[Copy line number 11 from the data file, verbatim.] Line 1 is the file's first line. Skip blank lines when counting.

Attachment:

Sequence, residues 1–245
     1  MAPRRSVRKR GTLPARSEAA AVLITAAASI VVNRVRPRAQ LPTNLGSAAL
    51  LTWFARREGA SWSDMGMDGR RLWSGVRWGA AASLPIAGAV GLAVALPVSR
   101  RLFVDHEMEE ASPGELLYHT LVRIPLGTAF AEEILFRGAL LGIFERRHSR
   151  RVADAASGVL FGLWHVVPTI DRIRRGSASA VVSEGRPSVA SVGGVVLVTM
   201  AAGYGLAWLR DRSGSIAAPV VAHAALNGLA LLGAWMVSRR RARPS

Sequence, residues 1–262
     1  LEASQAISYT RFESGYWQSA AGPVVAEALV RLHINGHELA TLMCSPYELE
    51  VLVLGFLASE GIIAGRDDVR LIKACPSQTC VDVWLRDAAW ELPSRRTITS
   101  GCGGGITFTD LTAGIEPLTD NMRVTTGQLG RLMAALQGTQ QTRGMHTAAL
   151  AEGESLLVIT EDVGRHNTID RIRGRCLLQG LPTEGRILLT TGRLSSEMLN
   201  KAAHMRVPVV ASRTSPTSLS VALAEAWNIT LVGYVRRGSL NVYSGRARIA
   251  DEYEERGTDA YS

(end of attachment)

   151  AEGESLLVIT EDVGRHNTID RIRGRCLLQG LPTEGRILLT TGRLSSEMLN